Will octopuses take over the world, and other questions at the heart of modern education

Richard Wallace

In her book The Soul of an Octopus, Sy Montgomery explores her friendship with a sweet-natured cephalopod named Athena. She proposes that octopuses could be considerably more intelligent than we credit them for, but because their biology and consciousness is so alien to us, we lack the framework to understand how that intelligence manifests itself. This is interesting because humans do tend to have a fairly narrow understanding of intelligence, an area of some contention in schools, where educational progressives argue that stifling systems of standardised testing do not equally favour for the whole spectrum of ‘intelligence’ in childen.

This makes sense. Our school system is a reformed but still fairly intact iteration of a Victorian system, in which a specific set of skills and values would be needed to be economically prosperous in a highly industrialised system. Creativity, emotional intelligence, non-cognitive ability, lateral thinking? These were less useful skills. But our economy has become so much more nuanced and wide-ranging. And it’s changing all the time. Is such an outdated version of economic efficiency really a useful benchmark to measure how our children develop?

The debate is particularly febrile in the grammar school debate, where the educational futures of children is decided by the eleven-plus. Proponents argue that grammar schools allow for greater social mobility and the avoidance of selection-by-wealth; opponents say that it is outdated, and unfair for years of educational privelege to be denied to children who have bad test days. There is a feeling underpinning the pro-comp lobby that a single test cannot possibly define a child’s entire abilities.

It used to be that figuring out intelligence was cut-and-dry. If one child was reading Catcher in the Rye at nine, they were smart. If another child of the same age group had yet to work out how to use doorknobs, they probably weren’t heading for the C-suite. But is this fair? And is it be right that the latter child should face a world full of closed doors?

There is a quote that often crops up online, falsely attributed to Einstein, but still relevant. “If you judge a fish by its ability to climb a tree, it will live its whole life believing that it is stupid.” Narrow ideas of what intelligence means can be destructive, especially when standardised testing is so arbitrary—grades will vary from one teacher to the next, and separating subjects into rigid disciplines renders non-discipline skills irrelevant. Instead of recognising inherent ability, we are not just judging fish on their tree-scaling abilities, but actively testing them on it. Just because an octopus cannot perform well in Key Stage Three maths, does it mean it isn’t intelligent? (Not to mention the number of disciplines that they could excel in given the chance; drumming, for example.)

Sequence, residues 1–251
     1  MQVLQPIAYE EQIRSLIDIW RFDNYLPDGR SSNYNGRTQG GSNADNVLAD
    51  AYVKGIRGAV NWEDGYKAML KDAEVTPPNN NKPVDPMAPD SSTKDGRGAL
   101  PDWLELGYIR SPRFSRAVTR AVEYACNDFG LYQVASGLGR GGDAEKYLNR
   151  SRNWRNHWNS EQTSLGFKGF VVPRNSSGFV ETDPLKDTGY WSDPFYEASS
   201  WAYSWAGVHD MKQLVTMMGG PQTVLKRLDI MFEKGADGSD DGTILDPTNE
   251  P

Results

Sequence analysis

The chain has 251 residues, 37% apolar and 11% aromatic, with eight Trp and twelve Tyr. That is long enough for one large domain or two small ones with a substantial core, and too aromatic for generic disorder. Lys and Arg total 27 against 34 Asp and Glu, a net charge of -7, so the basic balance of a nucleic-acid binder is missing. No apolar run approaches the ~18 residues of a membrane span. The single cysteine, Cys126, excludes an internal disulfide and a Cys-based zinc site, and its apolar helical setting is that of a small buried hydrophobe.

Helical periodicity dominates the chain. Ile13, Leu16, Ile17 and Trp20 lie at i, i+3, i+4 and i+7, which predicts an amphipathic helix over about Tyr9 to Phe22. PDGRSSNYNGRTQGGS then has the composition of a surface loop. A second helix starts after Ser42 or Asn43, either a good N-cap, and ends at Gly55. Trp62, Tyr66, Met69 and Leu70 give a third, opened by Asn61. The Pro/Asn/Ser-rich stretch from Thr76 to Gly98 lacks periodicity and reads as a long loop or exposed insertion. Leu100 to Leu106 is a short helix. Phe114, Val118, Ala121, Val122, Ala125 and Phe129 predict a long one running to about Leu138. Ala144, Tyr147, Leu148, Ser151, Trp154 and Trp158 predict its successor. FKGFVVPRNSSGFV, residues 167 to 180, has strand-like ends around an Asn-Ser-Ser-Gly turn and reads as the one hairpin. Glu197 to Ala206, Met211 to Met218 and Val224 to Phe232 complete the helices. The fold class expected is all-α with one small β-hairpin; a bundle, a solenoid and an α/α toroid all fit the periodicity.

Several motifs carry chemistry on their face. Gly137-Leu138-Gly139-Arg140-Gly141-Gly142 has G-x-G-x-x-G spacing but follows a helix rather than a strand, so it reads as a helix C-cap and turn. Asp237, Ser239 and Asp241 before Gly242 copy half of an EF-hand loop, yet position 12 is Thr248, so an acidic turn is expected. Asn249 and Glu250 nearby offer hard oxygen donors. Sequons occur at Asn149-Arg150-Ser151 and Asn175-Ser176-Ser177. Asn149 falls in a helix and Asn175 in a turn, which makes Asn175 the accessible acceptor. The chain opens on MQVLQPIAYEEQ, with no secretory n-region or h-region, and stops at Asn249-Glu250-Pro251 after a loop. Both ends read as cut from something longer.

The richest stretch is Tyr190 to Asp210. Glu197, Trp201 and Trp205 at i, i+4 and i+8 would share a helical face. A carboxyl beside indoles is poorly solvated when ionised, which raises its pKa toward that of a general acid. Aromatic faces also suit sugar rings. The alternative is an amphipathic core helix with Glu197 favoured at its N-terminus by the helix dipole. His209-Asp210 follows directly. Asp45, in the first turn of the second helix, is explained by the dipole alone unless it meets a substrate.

If we predicate intelligence solely on retention of data and learning by rote, what is left of human ingenuity? AI will soon outperform humans at almost all knowledge-based curricula, from the simple to the complex. In order to escape a dawn of human cognitive obsolesence, it would do well to begin teaching our younger generations what is actually special and unique about the human mind. The way it can interpret art, react emotionally to data, and apply a subjective consciousness across disciplines, rather than reducing everything to pure logic.

Rose Luckin, a professor of learning-centred design at University College London identified seven kinds of intelligence we need to thrive:

1. Interdisciplinary academic intelligence: the ability to tie subjects together rather than understanding them in silos

2. Social intelligence: developing an awareness of our own emotions and how we regulate those in a group

3. Meta-knowing: our relationship to knowledge. The ability to understand what constitutes good evidence and how to make judgements based on evidence.

4. Metacognition: knowing ourselves and regulating our cognitive processes

5. Meta subjective intelligence: understanding our emotions and their relationship to our learning and well-being.

6. Meta contextual intelligence: the dynamic context in which learning takes place

7. Accurate perceived self-efficacy: our ability to assess our own abilities

As our crass understanding of human intelligence develops, it’s no surprise that more innovative educational institutions are gaining popularity. For example, Steiner Schools encourage learning through play until the age of seven, with the aim of developing the “whole” of the child’s mind: academic, physical, emotional, spiritual. As well as instilling a love of learning and enthusiasm for school, this method is designed to foster the imagination and the artistic mind, in order to better apply to a diverse range of traditional academic disciplines, and to produce a strong sense of self. Then there’s Montessori Education, characterised by multi-age classrooms, and based on self-directed activity, hands-on learning, and collaborative play. In an age when empathy and compassion seem sorely lacking, would educational models that encourage these qualities actually benefit the world, socially and economically?

Some purists may argue that new-age learning is inferior to time-honoured traditions, but in a world that is changing more than ever before, and with more information at our disposal about how children learn, it could be that new thinking is desperately needed, in order to prepare children for a totally different type of economy.

You never know; previously under-acknowledged forms of intelligence may well be nurtured and rewarded in future economies. Plus, the animal that marine biologists think is most likely to take over the planet? The octopus. Make of that what you will.